“ ‘I have purchased the place: therefore I have purchased the right of doing whatever wrong I can contrive to do by means of it:’ such is the defence which the supporters of the patronage system put into the mouths of extortioners and peculators, stating it at the same time as being an unanswerable one. Here it stands in all its simplicity: and now, in any company, let any man who has nerve enough, stand up, and after repeating it, declare it to be his belief that any man, by whom extortion or peculation had ever been practised, could have thought that, in the faculty of making an observation to this effect, he really possessed either a justification, or so much as the slightest shadow of an excuse.
“ ‘The pistol I killed the man with I bought:’ exactly as good an apology would this observation be for murder, as that other for extortion or peculation.
“Now, Sir, what is the assumption made by the opponents of sale, when they profess to regard an observation to this effect as rendering it probable that extortion and peculation will have place to a greater extent if the place be sold for the benefit of the public, than if given for the joint benefit of giver and receiver? What is it but that the means of committing a crime, and the right of committing it, are the same thing? And not only that criminals themselves are persuaded of its being so, but that so are people in general likewise: or, at any rate, that by those by whom it is not regarded as a justification, it is at least regarded as an excuse.
“No absurdity so gross, but that when once it has obtained a certain degree of currency, it is capable of passing for argument, nay, even for conclusive argument, and even upon the most intelligent minds, where the leisure or the motive for scrutinizing into it has been wanting. In the present instance, for example, upon minds even of this character, who can say to what extent the delusion here in question may not have had place? But now, it is hoped, the fallacy has been displayed in its genuine colours; and if so, those who, without any particular and sinister interest, have been in the habit of accepting and passing it in the character of an argument in favour of patronage in preference to sale, will have to consider whether they would not do well to separate themselves from bad company; in a word, to declare themselves undeceived, and thus leave the corruptionists to stand by themselves, singing out this their fallacy to deaf ears and scorning countenances.
“But now suppose that, spite of everything that can be said to the contrary, there are people who will think, that the purchaser of the office will rely upon the sort of epigram in question, as a thing that will purchase impunity for him. So far as this notion has place, so much the less probable will be his misbehaviour. Why? Because so many as there are of them, so many spies on his conduct will he have; whereas, under the patronage system, this cause of public suspicion and public vigilance has no place.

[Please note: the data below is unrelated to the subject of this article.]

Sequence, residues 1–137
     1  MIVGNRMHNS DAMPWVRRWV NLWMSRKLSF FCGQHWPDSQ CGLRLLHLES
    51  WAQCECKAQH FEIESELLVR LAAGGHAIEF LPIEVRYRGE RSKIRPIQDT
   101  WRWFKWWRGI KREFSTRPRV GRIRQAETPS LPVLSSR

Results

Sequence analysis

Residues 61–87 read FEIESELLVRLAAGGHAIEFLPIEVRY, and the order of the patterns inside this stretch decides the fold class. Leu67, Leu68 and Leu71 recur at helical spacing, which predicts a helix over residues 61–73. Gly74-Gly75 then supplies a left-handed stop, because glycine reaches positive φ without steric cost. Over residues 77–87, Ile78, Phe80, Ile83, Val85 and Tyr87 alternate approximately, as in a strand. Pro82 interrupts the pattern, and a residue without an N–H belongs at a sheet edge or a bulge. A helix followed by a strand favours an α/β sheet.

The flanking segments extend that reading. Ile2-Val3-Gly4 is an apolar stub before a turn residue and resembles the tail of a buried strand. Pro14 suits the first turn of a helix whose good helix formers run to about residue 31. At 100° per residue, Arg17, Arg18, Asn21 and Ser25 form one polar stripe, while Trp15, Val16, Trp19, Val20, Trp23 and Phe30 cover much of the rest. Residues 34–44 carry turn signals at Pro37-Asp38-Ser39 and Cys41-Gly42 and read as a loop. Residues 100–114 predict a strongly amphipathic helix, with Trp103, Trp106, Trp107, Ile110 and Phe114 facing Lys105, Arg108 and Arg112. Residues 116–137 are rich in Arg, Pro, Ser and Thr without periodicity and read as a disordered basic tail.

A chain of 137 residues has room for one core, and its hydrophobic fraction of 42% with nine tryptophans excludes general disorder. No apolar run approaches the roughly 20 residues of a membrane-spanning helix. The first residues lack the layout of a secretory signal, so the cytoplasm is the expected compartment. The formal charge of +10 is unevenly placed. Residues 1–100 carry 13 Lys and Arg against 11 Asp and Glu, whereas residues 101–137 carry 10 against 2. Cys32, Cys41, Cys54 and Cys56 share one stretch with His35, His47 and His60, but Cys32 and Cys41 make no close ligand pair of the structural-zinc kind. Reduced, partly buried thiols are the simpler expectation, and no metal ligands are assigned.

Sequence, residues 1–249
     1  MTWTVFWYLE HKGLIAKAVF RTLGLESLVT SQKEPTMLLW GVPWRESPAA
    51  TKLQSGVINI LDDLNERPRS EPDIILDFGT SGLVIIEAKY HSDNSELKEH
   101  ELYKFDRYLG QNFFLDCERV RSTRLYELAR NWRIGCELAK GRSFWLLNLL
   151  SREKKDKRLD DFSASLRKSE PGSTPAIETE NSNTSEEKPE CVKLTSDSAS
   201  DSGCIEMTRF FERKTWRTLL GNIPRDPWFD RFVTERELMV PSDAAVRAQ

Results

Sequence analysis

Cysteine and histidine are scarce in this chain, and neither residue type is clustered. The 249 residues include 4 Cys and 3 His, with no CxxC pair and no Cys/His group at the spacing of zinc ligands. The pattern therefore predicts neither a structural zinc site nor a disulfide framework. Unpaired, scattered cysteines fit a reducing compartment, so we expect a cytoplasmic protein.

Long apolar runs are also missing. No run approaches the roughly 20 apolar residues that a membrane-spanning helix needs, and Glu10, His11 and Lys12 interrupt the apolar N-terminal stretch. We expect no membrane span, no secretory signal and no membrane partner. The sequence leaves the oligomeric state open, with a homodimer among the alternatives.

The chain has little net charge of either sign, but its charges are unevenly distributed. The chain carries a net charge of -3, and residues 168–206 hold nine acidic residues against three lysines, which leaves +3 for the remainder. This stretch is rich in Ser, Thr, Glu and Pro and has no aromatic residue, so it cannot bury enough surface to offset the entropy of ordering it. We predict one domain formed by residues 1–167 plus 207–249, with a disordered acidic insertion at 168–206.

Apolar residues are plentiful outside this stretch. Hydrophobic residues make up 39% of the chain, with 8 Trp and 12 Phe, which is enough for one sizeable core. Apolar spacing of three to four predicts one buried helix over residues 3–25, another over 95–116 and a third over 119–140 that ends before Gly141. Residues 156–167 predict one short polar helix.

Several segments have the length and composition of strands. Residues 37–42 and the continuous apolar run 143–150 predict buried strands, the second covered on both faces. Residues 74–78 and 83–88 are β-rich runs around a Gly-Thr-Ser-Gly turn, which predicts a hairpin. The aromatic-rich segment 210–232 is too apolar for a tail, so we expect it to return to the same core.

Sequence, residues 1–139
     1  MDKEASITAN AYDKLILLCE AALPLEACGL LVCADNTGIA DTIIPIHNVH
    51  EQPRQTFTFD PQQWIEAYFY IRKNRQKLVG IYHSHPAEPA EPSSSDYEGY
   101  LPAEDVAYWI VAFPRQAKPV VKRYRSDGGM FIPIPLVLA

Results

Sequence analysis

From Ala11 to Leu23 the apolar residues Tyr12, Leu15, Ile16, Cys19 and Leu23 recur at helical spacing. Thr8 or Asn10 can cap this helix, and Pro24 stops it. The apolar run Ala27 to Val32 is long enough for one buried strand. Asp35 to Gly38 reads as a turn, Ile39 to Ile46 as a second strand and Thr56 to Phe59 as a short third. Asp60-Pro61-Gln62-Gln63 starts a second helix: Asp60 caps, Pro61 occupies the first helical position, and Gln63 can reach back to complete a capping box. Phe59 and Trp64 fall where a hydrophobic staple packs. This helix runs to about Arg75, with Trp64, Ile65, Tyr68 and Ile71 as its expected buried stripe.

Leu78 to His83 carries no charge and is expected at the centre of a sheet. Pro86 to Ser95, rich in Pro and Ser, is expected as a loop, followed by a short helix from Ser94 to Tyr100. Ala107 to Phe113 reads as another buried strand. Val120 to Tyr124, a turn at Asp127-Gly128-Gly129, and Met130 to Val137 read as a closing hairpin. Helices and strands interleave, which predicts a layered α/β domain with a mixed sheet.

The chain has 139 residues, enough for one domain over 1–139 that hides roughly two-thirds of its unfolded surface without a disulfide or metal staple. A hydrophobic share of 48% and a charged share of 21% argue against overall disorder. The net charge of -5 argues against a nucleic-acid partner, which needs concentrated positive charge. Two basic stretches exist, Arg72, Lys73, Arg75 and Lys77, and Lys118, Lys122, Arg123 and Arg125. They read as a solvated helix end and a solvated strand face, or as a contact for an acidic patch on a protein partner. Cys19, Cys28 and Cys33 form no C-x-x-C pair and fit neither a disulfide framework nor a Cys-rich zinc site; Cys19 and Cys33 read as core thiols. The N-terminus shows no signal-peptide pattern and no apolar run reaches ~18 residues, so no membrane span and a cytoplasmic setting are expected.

“If a man purchases the place of the public, nobody will have any interest in screening him in case of abuse; if he receives it from patronage, he has the patron or patrons, who share with him in the benefit of the abuse, and are little less sure to support him in it, than he is to practise it.
“The owner of an advowson—has he not an interest in the increase of tithes? Oh, but the Church patron is but one, and nobody knows who he is. Here the patrons are many; all known men—all honourable men. True: but were they even Right Honourable, it would make no difference. In a multitude of this sort, on every occasion, some one there must be, or some very few, that take the lead; and, in so far as this is the case, distinguish it if you can from that of the Church patron.
“So much for the anti-venality argument. Now for the anti-guzzling argument. It sticks in my throat, along with the other. I cannot swallow it. The money, if received by the persons in question, will be spent in guzzling; therefore it ought not to be received by them. Such is the argument: please, good Sir, to observe what it is it leads to. It leads to this: namely, that on account of the trust in question, to wit, that exercised by the Common Council, neither by these same persons, nor by any other persons in this same trust, should any money at all be ever received from any source at all—from this, or from any other; such must be the notion, unless it be that money received from this source will be sure to be spent in guzzling, while monies received from other sources will be sure to be applied to their proper purposes, or will at any rate take, all of them, the same chance.
“Now for the proposed Remedies. 1. Let the election to the office be annual. Why not to this office as well as to the office of Common Councilman itself? Why not in the case of the protégé as well as in that of the patron?
“2. Let the bills of costs, in the suits from which the functionary in question—the Secondary—derives his fees or other benefits, be not merely accessible on demand, or accessible to none but a few,—or to none but on payment of a fee, be all of them printed and published, for the inspection of everybody that chooses to look at them. Among the places in which copies would be kept, would of course be that in which the Common Council have their meetings; and in that place at least, to invite attention and facilitate examination, abstracts and indexes, in the tabular form, might be kept hung up.
“One thing more. By the House of Commons, petitions against abuse in all its shapes, on the part of office in all its shapes, are not only received from all hands, but, with admirable universality and promptitude, printed and published. If in all cases by the legislature of the empire, why not in this case by the legislature of the metropolis?